US 5661293 A
A solid-state radiation detector, including a photodiode array, is suitable for use in computed tomography, with the dark current of the photodiodes being compensated. The compensation is accomplished by an adjustable voltage source connected to the photodiode, the voltage of the adjustable voltage source being set by a regulator so that the dark current becomes zero. The regulator receives a signal corresponding to the dark current from a measured value transducer in the form of a current-driven voltage source. The voltage supplied by the adjustable voltage source to the photodiode is maintained constant while x-rays are incident on the overall detector which cause illumination of the photodiode.
1. A solid-state radiation image detector comprising:
a photodiode array containing a plurality of photodiodes and a plurality of extraction diodes, said extraction diodes respectively connected to said photodiodes thereby forming a plurality of photodiode/extraction diode combinations, each photodiode/extraction diode combination having a dark current associated therewith;
an adjustable voltage source connected to each photodiode/extraction diode combination, said voltage source having a voltage associated therewith;
means for generating a signal proportional to the dark current; and
regulator means supplied with said signal proportional to the dark current for regulating the voltage of said adjustable voltage source dependent on said signal proportional to the dark current for maintaining a voltage across the photodiode/extraction diode combination connected to the adjustable voltage source constant during optical irradiation of that photodiode for regulating said dark current to zero.
1. Field of the Invention
The present invention is directed to a photodiode array of the type suitable for use as a radiation detector.
2. Description of the Prior Art
Solid-state radiation detectors formed by a photodiode array are employed in x-ray computed tomography. Scintillators are disposed in front of the photodiodes of the array, the scintillators converting incident x-rays into visible light. The visible light is converted by the photodiodes into a corresponding electrical signal. In order to improve the signal quality, an extraction diode can be connected between each two neighboring photodiodes. The dark current of the photodiodes is thus dependent on the temperature and the Voltage of the extraction diodes. The voltage for the extraction diodes is fixed for all of the extraction diodes, so as to compensate for the effects of the direct conversion of x-rays in the photodiodes into a contribution to the electrical output signal, as well as to compensate for optical cross-talk between photodiodes.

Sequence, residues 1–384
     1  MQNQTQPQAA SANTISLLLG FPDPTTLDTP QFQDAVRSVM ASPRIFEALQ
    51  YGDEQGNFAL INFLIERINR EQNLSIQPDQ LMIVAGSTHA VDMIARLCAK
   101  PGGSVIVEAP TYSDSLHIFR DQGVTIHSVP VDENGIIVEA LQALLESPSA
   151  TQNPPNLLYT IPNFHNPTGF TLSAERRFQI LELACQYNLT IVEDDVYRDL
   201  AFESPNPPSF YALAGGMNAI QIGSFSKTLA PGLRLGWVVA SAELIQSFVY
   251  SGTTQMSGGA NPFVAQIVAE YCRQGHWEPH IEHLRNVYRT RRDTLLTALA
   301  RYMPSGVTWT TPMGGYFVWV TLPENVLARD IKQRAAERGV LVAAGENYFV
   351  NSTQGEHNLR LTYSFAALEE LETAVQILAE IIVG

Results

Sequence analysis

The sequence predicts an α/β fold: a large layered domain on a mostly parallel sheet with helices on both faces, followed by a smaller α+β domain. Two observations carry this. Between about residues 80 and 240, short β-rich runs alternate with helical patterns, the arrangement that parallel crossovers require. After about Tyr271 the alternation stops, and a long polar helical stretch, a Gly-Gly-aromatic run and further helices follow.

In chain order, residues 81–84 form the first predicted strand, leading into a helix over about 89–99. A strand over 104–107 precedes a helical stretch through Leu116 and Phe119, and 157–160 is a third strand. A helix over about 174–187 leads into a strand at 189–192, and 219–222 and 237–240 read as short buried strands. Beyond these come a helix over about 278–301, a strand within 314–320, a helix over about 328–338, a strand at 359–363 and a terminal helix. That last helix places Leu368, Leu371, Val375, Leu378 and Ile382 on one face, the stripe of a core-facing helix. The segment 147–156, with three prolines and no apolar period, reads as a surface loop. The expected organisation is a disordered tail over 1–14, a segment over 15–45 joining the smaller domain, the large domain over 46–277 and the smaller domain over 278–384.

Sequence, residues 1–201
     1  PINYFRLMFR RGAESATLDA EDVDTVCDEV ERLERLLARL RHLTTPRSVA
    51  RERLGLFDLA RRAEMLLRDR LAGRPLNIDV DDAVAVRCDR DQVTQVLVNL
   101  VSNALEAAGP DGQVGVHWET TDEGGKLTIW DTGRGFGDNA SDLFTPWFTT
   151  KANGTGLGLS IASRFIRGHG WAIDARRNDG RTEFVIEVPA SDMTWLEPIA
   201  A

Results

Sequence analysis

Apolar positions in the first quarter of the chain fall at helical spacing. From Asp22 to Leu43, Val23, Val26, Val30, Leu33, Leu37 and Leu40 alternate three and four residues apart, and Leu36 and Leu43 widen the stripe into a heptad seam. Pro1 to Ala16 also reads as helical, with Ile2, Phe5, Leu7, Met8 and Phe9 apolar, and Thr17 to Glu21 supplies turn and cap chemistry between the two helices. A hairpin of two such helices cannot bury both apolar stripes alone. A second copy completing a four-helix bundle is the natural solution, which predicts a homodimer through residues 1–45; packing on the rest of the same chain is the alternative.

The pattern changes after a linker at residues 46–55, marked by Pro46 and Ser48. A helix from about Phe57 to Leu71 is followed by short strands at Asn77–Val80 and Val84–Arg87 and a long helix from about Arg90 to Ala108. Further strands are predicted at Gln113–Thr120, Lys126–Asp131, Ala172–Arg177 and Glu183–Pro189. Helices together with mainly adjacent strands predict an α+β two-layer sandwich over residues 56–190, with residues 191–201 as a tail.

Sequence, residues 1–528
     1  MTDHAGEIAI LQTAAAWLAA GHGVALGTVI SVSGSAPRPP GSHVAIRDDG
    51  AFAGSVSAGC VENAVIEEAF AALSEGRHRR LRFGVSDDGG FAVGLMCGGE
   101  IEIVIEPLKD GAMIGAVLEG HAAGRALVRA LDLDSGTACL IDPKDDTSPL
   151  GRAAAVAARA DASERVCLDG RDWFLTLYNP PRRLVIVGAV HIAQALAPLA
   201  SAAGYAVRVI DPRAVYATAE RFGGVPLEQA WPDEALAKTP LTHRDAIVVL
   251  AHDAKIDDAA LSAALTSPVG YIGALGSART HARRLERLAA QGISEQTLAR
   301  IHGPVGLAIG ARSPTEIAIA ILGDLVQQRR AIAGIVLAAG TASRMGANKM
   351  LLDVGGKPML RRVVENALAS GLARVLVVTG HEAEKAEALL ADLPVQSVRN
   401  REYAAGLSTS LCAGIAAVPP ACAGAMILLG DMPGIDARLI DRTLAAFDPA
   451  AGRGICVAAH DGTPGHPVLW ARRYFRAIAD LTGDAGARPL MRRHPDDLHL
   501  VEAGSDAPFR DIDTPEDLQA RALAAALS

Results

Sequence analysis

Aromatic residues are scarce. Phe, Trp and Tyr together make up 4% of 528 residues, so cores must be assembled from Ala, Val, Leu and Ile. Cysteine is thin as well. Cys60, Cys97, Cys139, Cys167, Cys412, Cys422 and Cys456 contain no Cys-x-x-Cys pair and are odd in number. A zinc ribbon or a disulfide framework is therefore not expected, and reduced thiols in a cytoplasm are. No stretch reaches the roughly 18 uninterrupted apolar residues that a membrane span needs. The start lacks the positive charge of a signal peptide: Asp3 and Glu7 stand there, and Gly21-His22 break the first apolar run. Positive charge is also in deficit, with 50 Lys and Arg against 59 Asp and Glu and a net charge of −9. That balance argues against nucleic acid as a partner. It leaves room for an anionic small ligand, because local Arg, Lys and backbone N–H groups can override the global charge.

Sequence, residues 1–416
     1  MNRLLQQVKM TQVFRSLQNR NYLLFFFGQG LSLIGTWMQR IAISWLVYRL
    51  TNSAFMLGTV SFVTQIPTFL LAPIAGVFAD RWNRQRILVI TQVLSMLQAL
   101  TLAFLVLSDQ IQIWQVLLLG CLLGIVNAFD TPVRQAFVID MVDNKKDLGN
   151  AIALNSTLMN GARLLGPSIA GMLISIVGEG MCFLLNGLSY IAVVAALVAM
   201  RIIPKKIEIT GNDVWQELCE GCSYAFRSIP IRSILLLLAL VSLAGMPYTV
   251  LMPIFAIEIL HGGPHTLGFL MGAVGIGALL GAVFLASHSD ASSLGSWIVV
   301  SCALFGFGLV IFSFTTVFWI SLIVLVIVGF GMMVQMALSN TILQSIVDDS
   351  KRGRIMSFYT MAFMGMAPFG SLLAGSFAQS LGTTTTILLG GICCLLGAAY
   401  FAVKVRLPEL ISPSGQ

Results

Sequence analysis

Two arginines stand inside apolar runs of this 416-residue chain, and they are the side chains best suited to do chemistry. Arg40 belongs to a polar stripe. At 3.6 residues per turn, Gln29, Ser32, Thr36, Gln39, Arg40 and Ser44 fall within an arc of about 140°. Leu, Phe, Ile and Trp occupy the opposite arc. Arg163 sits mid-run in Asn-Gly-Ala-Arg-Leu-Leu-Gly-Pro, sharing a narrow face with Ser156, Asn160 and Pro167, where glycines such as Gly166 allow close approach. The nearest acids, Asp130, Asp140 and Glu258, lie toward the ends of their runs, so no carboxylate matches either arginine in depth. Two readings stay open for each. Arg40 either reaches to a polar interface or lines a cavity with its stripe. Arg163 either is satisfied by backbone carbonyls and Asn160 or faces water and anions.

It is an object of the present invention to provide a photodiode array of the type described above wherein improved dark current compensation is achieved.
The above object is achieved in accordance with the principles of the present invention in a photodiode array having a number of individual photodiodes, with a voltage source connected to the photodiodes so that an adjustable voltage is present across each individual diode. The adjustable voltage is set by a regulator which receives a signal which is proportional to the dark current from a transducer which measures a parameter which is representative of the dark current. The voltage across each photodiode is adjusted as necessary during exposure of a photodiode to incoming radiation, so as to maintain the voltage constant during the exposure.